Juniper Research: Nearly 100 million connected cars by 2016

Consumer smartphones, safety regulations, and efficiency savings are driving Internet connectivity in vehicles, and will become standard features in a few years.

Toyota Entune uses the driver's smartphone to integrate Internet-based applications with the infotainment platform.
Toyota Entune uses the driver's smartphone to integrate Internet-based applications with the infotainment platform. Toyota

The automobile is fast becoming the largest mobile electronics device, and in just a few years having a car that connects to the Internet will be the new standard.

Juniper Research studied the automotive telematics market in eight key global regions, and predicts more than 92 million vehicles with Internet connectivity will be on the road by 2016. Smartphones integrating with vehicle electronics platforms will fuel the growth.

Infotainment systems such as Ford's Sync AppLink, GM's IntelliLink, BMW's ConnectedDrive, and Toyota's Entune are key players driving this trend. In just a few years, these advanced technology systems could become as standard as AM/FM radios are in cars today.

However, commercial fleets--which make up a large portion of vehicles on the road--and insurance telematics platforms that provide emergency response systems are still considered to be in the infancy stages of adoption. Juniper forcasts that these industries will roll out new connected platforms starting in 2014 to manage driver efficiency and reduce costs. Regulatory initiatives such as the European Union's E-Call will also boost telematic adoption in vehicles.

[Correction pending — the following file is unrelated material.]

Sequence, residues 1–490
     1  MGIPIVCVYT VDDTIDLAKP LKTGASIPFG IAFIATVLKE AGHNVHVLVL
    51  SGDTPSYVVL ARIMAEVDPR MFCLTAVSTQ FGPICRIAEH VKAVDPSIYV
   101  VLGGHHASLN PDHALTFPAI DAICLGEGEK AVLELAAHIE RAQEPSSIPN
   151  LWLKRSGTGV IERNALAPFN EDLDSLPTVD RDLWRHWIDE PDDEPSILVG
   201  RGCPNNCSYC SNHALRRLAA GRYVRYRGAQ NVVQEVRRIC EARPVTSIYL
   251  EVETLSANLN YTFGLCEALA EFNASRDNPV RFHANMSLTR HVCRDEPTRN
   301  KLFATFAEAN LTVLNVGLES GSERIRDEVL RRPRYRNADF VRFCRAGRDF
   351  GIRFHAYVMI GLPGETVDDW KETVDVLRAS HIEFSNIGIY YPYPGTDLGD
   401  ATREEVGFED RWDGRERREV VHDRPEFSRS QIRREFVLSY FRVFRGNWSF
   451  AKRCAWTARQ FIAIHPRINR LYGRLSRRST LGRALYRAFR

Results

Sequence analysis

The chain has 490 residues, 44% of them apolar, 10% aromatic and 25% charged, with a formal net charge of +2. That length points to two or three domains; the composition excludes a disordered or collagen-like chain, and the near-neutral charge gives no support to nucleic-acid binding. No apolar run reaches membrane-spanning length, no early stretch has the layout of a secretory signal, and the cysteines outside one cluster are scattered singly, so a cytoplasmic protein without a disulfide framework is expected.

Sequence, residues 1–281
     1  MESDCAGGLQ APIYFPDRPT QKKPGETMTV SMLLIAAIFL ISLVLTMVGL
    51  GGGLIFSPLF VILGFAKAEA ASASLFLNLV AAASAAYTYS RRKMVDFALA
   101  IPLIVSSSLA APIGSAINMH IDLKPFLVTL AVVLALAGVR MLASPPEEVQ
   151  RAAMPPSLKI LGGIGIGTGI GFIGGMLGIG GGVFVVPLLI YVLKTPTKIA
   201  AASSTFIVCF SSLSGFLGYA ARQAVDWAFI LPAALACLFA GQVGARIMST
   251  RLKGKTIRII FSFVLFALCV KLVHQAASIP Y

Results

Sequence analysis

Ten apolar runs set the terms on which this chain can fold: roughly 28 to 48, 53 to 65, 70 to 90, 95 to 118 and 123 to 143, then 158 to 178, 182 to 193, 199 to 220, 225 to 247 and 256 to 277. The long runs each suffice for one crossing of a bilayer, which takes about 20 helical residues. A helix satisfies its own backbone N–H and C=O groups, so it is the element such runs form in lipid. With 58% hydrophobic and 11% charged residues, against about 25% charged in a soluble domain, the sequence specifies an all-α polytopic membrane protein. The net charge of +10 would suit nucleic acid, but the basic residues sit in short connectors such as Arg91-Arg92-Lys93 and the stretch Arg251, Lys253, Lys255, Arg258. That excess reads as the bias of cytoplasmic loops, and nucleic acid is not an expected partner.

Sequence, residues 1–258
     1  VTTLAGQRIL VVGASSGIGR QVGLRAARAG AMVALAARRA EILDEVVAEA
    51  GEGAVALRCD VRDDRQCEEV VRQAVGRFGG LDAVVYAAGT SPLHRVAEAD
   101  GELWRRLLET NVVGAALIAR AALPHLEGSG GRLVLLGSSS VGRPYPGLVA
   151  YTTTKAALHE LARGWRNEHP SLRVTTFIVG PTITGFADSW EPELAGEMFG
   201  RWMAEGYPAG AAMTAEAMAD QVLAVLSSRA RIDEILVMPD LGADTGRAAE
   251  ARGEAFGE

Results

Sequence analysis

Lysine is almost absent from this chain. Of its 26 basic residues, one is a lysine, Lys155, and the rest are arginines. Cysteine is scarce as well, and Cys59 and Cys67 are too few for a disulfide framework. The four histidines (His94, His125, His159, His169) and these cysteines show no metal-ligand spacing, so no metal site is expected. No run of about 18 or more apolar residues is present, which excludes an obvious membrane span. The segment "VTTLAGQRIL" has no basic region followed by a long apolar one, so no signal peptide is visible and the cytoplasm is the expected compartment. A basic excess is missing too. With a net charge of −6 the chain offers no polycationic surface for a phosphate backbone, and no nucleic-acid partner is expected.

"Integrating the smartphone into consumer cars represents a new route for the mobile Internet and infotainment to enter the vehicle," said report author Anthony Cox.

But not everyone is on board with this rapid progress. U.S. transportation regulators pursuing anti-distracted-driving laws could put the the brakes on this growing industry. A ban on hands-free and handheld mobile devices on driving could reduce distracted-driving related auto accidents. However, with venture firms such as Intel Capital looking to invest millions in the connected car market , such a ban would throw a wet blanket on one of the fastest-growing mobile markets.

 

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